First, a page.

- In the wake of the leak of the draft decision overturning Roe v. Wade, majorities remain pro-choice and support abortion being legal.
- While Republicans identify banning abortion as a long-time stance of their party, independents are unsure if it is a well-established or newer position for Republicans.
- The most concerning messaging lanes about Republican stances on abortion focus on the party’s support for bans without exceptions and their interference in a decision that should be between a woman and her doctor.
- Since the draft decision leaked, a growing plurality support expanding the Supreme Court.
Americans Are Increasingly Pro-Choice and Majorities Feel Abortion Should Be Legal in All or Most Cases
A majority of independents (53%) and nearly half of Republicans (44%) identify as “pro-choice,” while majorities across gender (55% of men, 58% of women) and racial groups think abortion should be legal in all or most cases.
Bipartisan Majorities Feel the Right to an Abortion in the United States Is at Risk
Nearly seven in ten Americans say the right to an abortion nationally is at risk. Americans in the Midwest (67%), the South (66%), and in states with trigger laws* (70%) most strongly feel the right to an abortion in their state is at risk.
Americans are Split on Whether Supporting Overturning Abortion Rights Is a New or Long-Standing Republican View
While a plurality of Republicans (45%) believe overturning Roe is an outcome their party has long wanted, Democrats and independents are more split: 44% of Democrats and 32% of independents believe it is evidence modern Republicans have become more extreme.
Less Effective Messages on Republican Abortion Stances Focus on Extreme Judicial Nominees, Defunding Child-Focused Policies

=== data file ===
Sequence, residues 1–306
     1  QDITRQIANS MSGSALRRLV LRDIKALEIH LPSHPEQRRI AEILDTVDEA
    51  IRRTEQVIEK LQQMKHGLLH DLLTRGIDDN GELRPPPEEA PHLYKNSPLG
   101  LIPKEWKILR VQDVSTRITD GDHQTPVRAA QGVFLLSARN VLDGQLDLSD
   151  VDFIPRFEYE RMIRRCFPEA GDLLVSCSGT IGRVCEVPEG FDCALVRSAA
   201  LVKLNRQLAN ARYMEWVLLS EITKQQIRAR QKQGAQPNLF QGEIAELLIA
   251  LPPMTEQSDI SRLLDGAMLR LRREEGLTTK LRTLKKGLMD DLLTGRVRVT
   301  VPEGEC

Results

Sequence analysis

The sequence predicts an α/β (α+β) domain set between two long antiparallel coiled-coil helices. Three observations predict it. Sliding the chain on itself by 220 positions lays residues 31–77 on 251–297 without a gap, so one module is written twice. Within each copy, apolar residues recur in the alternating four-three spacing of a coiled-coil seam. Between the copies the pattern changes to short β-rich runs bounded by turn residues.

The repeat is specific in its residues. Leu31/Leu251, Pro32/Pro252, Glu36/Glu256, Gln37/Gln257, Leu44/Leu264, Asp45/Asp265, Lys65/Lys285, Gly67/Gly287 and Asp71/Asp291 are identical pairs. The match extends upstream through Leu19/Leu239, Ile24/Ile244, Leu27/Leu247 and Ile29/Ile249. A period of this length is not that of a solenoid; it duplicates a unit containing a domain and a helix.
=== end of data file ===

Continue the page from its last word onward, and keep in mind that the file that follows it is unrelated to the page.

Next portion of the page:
Nearly three in five Republicans find a statement about Republicans supporting abortion bans even in cases of rape, incest, or when the mother’s life is at risk “concerning” (57%).
Three in Five Are Familiar With the Filibuster, and Bipartisan Pluralities Say Eliminating It Would Have a Positive Impact
A majority of Democrats (70%) think getting rid of the filibuster would have a positive impact on making our government work better for the people it represents, as do pluralities of independents (36%) and Republicans (41%).
Since the Leak of SCOTUS’s Draft Decision on Roe v. Wade, a Growing Share Support Expanding the Supreme Court
Support for expanding the Supreme Court has increased by 13 points since late March (from net -5 to net +8).
• Support has grown by 19 points among Black Americans (net +28 to net +47) and 18 points among Hispanics (net +8 to net +26).
About The Study
Global Strategy Group conducted public opinion surveys among a sample of 998 registered voters from May 19-
May 23, 2022. 102 additional interviews were conducted among Hispanic voters. 62 additional interviews were
conducted among Asian American and Pacific Islander voters. 105 additional interviews were conducted among
African American voters. 102 additional interviews were conducted among independent voters.